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Elop compared Symbian to a burning platform in a widely leaked internal memo, saying it was not good enough for Nokia’s future. On Tuesday Nokia unveiled a new version of Symbian software, with new icons, improved text input, faster Internet browsing and a refreshed Ovi Maps application.\r\n

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“Several Nokia executives have attempted to walk back from Elop’s February comments and limit the damage he did to Symbian products,” said Tero Kuittinen, analyst at MKM Partners.\r\n

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“It’s just a bit too late to put Humpty Dumpty back together. Developers are bailing out in droves,” he said.\r\n

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Source: Reuters\r\n

Samsung Galaxy Gio S5660 Review

Samsung has announced its brand new mid-range Samsung Galaxy Gio S5660 Android Powered Smartphone, just in time for official unveiling of the same at forthcoming Mobile World Congress 2011, that is powered by Qualcomm QCT MSM7227-1 Turbo 800 MHz processor and runs Android 2.2 Froyo.\r\n\r\n

Samsung Galaxy Gio S5660
Samsung Galaxy Gio S5660
\r\n\r\nThe Samsung Galaxy Gio S5660 smartphone is Quad-band GSM: 850, 900, 1800, 1900 dual-band 3G HSDPA: 900, 2100 ready device which is powered by 800 MHz Qualcomm QCT MSM7227-1 Turbo Processor and features 158MB RAM with microSD card supporting 32GB expandable memory allowing practically unlimited entries contact phonebook and SMS memory.\r\n\r\nSamsung Galaxy Gio S5660 smartphone features 3.2-inch, HVGA 320 x 480 pixel TFT capacitive touchscreen supporting 16 million colors and sports two touch-sensitive keys and a large home key in same fashion as on Galaxy S series smartphones.The smartphone also includes Accelerometer sensor for auto screen rotate and runs on Android 2.2 Froyo version with Samsung’s TouchWiz v3.0 user interface over Android just like the one in Samsung Galaxy series smartphones.\r\n\r\nThe new Samsung Galaxy Gio S5660 offers exhaustive data connectivity that includes GPRS, EDGE, 3G HSDPA 7.2 Mbps download speed, Wi-Fi 802.11b/g/N Wireless LAN with DLNA, Bluetooth 2.1+EDR with A2DP wireless connection, GPS with Assisted GPS (A-GPS) and microUSB 2.0 for wired connectivity.\r\n\r\nSamsung Galaxy Gio S5660 includes 3.15 megapixel (2048 x 1536 pixel) rear auto-focus camera ( no LED flash) with added geo-tagging, face and smile recognition capability along with video recording in QVGA resolution. The device does not sports any front-facing camera for video calling.\r\n\r\nSource: MPhone, W3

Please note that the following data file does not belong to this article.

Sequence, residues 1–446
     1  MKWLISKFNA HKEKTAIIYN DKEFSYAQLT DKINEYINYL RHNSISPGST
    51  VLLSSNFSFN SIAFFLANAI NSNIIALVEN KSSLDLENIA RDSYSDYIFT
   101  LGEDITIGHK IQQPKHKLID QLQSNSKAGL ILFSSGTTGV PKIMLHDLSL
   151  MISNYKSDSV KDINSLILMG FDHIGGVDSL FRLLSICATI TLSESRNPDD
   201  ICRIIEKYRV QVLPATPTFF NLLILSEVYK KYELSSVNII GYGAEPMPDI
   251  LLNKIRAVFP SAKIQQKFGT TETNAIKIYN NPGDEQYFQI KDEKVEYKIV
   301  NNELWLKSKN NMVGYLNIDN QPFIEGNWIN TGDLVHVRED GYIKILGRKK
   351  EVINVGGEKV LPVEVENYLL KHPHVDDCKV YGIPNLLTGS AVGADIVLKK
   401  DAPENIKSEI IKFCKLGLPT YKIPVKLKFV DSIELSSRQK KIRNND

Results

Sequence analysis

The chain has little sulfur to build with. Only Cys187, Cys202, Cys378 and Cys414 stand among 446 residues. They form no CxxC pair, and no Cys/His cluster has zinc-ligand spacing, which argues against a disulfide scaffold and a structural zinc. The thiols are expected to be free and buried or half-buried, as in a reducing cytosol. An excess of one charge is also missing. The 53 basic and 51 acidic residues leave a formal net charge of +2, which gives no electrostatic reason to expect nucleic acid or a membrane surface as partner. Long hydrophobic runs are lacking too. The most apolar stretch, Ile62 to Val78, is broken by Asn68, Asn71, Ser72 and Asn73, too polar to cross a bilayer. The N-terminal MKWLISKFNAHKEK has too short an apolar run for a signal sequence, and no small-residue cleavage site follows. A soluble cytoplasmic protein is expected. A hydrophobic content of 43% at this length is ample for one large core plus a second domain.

The iPad 2: What is known, what is unknown Read more about next-generation iPad by ssysadmin.com

We’re just 48 hours away from getting our first look at the long-awaited, next-generation iPad—or that’s what we’re expecting, at least.\r\n\r\n

iPad 2
iPad 2